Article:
Deciding on a new Furnace

  • Active since 1995, Hearth.com is THE place on the internet for free information and advice about wood stoves, pellet stoves and other energy saving equipment.

    We strive to provide opinions, articles, discussions and history related to Hearth Products and in a more general sense, energy issues.

    We promote the EFFICIENT, RESPONSIBLE, CLEAN and SAFE use of all fuels, whether renewable or fossil.

brenndatomu

Minister of Fire
Aug 21, 2013
7,223
NE Ohio
I assume you burned all the 6 inch pieces as well?
Yup, just threw em in on top.
No more 26-30 inch deep 7cuft fireboxes. I wonder why that is?
The bigger the firebox the harder it is to make it burn clean...although the newer downdraft gasifiers (boilers) can make it work...
 
Last edited:
  • Like
Reactions: Highbeam

laynes69

Minister of Fire
Oct 2, 2006
2,669
Ashland OH
I'm on my third woodfurnace. The ol' hotblast 1500 would burn at least 10 to 12+ cord a winter. Stuff it with 6+ cuft of locust rounds and you'd be lucky to sleep through the night (maybe 6 to 7 hours). If you slept in over the weekend, you would have a cold house. They would consume wood at a high rate, or if you tried to slow it down remove 5 gallon of creosote a month from the chimney. We buttoned up the home a bit and upgraded to an old school Caddy which cut our wood in half. Now with the new furnace, it will be better. I would NEVER go back to an old school furnace!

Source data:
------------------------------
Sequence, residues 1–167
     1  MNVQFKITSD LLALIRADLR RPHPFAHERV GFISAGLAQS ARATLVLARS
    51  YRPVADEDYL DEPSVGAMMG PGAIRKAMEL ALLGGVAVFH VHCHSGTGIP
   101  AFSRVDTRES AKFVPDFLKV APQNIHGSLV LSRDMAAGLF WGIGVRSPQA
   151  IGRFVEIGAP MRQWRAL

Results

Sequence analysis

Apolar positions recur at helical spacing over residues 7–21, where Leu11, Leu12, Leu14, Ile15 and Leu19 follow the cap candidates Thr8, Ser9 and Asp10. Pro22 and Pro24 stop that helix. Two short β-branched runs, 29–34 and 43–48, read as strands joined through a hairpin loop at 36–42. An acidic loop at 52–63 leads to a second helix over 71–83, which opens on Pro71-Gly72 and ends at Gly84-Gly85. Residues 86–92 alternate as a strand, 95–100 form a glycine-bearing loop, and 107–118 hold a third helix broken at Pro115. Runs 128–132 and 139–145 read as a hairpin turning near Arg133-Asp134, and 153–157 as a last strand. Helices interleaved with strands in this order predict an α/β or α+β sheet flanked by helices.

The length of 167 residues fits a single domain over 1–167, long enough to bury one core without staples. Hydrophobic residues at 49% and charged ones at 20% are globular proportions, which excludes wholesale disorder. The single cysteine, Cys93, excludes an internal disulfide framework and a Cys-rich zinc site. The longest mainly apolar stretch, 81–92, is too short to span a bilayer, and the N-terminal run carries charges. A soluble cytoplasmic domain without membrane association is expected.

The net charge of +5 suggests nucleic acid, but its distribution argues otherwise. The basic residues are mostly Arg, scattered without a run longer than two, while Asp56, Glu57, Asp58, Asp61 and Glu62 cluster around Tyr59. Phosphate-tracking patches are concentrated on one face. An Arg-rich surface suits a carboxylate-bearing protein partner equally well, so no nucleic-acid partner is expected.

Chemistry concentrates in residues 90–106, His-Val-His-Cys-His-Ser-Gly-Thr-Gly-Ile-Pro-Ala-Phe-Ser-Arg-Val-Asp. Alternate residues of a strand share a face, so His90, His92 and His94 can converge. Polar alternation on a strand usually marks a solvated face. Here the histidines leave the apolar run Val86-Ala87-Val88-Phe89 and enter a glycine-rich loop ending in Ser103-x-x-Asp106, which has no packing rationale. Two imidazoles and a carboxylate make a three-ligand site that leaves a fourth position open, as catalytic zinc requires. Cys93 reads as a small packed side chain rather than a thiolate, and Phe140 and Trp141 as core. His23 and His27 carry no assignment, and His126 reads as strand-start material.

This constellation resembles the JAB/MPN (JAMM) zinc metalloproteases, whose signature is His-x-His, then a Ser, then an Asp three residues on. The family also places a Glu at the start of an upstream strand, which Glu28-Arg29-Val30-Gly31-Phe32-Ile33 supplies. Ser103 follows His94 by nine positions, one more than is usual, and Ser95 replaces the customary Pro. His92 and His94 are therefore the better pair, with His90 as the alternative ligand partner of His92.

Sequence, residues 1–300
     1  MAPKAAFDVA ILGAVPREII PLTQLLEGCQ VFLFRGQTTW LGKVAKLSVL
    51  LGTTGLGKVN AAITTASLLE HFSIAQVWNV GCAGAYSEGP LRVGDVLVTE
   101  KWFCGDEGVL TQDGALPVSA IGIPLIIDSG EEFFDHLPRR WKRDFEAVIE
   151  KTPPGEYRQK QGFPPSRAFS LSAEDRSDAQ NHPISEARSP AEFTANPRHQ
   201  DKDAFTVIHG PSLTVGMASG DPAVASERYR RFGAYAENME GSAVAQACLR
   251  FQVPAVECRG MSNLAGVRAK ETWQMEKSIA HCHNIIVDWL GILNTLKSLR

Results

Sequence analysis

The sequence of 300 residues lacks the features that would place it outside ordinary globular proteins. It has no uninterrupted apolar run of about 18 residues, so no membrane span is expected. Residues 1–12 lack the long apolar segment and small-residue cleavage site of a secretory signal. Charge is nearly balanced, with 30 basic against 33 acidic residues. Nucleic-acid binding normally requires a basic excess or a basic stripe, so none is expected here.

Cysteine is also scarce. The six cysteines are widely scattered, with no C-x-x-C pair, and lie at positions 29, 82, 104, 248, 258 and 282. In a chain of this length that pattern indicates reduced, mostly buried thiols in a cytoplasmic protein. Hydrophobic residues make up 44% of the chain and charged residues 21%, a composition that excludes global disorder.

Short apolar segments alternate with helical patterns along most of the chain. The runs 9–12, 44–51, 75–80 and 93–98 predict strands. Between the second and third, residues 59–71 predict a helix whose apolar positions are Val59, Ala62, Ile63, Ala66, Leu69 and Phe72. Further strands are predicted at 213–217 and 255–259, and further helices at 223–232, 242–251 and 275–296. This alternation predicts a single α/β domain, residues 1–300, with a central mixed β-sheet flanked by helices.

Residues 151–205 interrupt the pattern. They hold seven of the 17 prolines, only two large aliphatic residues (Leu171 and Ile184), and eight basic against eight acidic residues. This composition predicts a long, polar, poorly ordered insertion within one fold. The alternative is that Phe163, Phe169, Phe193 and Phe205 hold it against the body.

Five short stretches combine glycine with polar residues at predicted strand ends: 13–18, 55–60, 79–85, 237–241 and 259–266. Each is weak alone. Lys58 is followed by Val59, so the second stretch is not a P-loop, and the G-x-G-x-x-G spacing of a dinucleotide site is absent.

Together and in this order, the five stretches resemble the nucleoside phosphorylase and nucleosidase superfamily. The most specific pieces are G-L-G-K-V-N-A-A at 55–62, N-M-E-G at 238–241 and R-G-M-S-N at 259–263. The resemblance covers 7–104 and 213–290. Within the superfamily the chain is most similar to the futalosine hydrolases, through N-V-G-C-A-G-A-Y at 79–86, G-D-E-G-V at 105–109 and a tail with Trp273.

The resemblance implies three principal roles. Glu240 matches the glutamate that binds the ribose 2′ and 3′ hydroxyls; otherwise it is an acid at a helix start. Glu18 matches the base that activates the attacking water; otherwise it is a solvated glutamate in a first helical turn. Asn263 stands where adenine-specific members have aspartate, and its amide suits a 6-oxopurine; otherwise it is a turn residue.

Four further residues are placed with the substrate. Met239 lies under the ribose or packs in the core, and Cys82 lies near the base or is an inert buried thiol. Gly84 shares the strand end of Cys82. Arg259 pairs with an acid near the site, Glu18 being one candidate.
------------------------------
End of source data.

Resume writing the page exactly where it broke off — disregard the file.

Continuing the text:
sloeffle

Minister of Fire
Mar 1, 2012
986
Central Ohio
I’m hoping for a cold winter. I’m really jealous of the guys who get to start burning in September and burn through April or may. Trying to keep the house warm at -10 sounds like a lot of fun, to someone who never gets to do it.
I only burn from Dec - March, and by March I'm done with feeding the wood furnce. I have a 10 year old closed loop geo system, in March I'm very happy to turn it back on for another 8 months. :)
 
  • Like
Reactions: Ncguy427

woodey

Feeling the Heat
Feb 8, 2018
325
ST. Lawrence Valley N.Y.
Trying to keep the house warm at -10 sounds like a lot of fun
If you are looking for fun and are willing to move to the foothills of the Adirondacks here in Northern N.Y. for the months of January and February I would be happy to switch houses with you for those months!>>
 

trx250r87

Burning Hunk
Nov 30, 2012
211
NE Wisconsin
Hello all,